Some additional information may be available from evolutionary considerations. If we study the foods that humans have eaten during the development of the species as determined by paleontological investigations, we have a long-term, if imprecise, set of data that might yield some useful clues. In addition, the diets of our primate relatives may contain further information. In some ways we know a good deal more about the nutritional status of domestic animals than about humans. The information is of immediate economic value in agriculture, and the organisms are more cooperative with the experimenters.

All of the preceding adds up to the fact that most of what we are told about nutrition is neither true nor false; it is indeterminate. The experiments that have been carried out are often inadequate to develop conclusions within the ground rules of probability and statistics and the accepted notions of scientific verification. The information available to diet planners consists of: a small body of universally accepted results such as the pathways of intermediate metabolism, a set of direct minimum requirements to avoid dietary deficiencies, data on toxic substances and levels of acute toxicity, and a very large body of results—many of which do not measure up to the minimum standards of statistical acceptability.

Given the Babel of information and misinformation, the question emerges: Is there a rational method to decide what to eat? To seek an answer, we must go back to a two-hundred-year-old idea that is usually referred to as "Laplace's Principle of Insufficient Reason" and states that events are to be assigned equal probabilities if there is no reason to think otherwise. E. T. Jaynes has recently extended the principle to state that "in making inferences on the basis of partial information, we must use that probability distribution that has the maximum (informational) entropy . . . maximally noncommittal with regard to missing information subject to what is known." Without going into a detailed computer program, we can infer that the most rational aliment will be obtained by fulfilling known nutrient requirements, minimizing intake of proven toxic substances, and randomizing everything else. In other words, the most variable diet that fulfills known constraints is the diet of choice. The clue is variation: use different foods, change brands frequently, and never use the same recipe twice. Bring on the escargot, candied grasshoppers, roast guinea pig, alfalfa sprouts, macadamia nuts, falafel, turnip greens, squid, mare's milk, and seaweed salad. Minimize the intake of packaged foods, since they contain additives of unknown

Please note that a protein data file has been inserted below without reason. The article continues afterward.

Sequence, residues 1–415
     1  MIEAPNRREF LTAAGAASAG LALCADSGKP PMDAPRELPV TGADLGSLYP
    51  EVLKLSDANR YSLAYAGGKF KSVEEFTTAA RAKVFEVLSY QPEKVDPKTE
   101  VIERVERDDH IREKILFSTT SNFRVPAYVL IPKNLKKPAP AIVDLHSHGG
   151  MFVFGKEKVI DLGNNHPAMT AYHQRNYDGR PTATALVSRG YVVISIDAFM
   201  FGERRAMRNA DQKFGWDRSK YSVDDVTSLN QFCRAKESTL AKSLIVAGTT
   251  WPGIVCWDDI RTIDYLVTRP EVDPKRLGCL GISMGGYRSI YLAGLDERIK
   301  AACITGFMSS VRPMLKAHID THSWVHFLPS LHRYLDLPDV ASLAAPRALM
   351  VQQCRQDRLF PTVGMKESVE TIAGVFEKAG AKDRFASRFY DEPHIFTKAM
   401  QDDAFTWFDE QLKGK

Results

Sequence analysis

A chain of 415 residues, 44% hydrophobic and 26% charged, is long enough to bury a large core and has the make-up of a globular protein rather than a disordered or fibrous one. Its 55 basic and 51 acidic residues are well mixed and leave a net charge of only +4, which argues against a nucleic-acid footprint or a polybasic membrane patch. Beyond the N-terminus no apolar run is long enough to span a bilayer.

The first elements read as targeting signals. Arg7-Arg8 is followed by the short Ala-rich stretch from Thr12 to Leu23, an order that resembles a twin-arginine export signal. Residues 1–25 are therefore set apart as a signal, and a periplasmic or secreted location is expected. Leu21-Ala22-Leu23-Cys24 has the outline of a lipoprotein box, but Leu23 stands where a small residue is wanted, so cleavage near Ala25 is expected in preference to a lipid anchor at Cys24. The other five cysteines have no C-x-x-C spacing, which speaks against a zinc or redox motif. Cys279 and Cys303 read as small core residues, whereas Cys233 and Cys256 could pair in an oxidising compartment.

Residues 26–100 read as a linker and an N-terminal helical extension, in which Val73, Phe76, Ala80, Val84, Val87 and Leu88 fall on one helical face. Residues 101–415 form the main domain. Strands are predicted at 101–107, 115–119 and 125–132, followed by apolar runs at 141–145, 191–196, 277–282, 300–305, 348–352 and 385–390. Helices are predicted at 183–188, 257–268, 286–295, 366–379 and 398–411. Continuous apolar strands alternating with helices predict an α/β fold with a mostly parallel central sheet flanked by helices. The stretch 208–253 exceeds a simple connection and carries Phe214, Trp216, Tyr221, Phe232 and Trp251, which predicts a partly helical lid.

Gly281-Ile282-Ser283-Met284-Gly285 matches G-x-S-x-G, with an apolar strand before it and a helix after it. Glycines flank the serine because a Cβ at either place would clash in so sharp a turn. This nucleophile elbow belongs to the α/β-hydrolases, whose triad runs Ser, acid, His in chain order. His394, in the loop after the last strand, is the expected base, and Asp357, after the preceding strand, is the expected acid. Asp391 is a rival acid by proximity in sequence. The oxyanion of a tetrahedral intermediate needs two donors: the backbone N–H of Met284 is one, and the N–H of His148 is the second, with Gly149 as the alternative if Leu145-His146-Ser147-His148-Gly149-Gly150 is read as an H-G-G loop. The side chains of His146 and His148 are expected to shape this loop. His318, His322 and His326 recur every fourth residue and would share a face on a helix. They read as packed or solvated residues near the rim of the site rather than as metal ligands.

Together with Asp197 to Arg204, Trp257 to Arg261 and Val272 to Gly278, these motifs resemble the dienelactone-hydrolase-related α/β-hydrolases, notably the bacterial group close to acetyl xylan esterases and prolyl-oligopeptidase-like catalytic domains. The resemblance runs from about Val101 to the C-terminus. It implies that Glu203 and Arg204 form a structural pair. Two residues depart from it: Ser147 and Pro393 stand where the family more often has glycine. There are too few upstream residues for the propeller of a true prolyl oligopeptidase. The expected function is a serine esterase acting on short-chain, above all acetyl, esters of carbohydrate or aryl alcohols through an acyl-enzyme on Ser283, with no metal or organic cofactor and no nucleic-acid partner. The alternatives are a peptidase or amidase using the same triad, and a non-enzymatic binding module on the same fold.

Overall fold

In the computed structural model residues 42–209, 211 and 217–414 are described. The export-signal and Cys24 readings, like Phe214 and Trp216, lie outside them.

toxicity, and where they are unavoidable, keep varying the suppliers according to additives.

Beyond our personal diets, it is clear that the sciences of nutrition and toxicology require deep methodological reexamination. It has been my impression that these sciences have been largely under-emphasized in medical school curricula so that the individuals whose advice is most sought about foods, the practitioners, are inadequately trained and often unfamiliar with the full range of theoretical issues involved. The first step to remedy these problems consists of a probing examination of the problems of obtaining valid results within these fields of study. The second step would seem to be an upgrading of diet-related disciplines by medical faculties. Whatever else man may be, he is a mechanism that responds to a lifetime of inputs with a series of outputs. Those inputs that arrive through the gastrointestinal tract describe a large part of the human experience. At present they are of two categories: normal biochemicals that have been part of the human milieu for millenia and new organic compounds that have only recently been synthesized. Before we ingest any large quantity of these organics, it would be nice if we knew what we were doing. Nutrition could be a major field of medicine—and a most positive one—which aims at promoting good health rather than responding to system failures.

Cite This Article as: Teachers College Record Volume 81 Number 4, 1980, p. 417-420
https://www.tcrecord.org ID Number: 1034, Date Accessed: 1/16/2022 4:22:42 PM

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About the Author
  • Harold Morowitz
    Yale University
    E-mail Author
    Harold Morowitz is professor at Yale University. These articles are taken from his monthly column in Hospital Practice. A collection of these essays has recently appeared, entitled The Wine of Life (St. Martin's Press, 1979).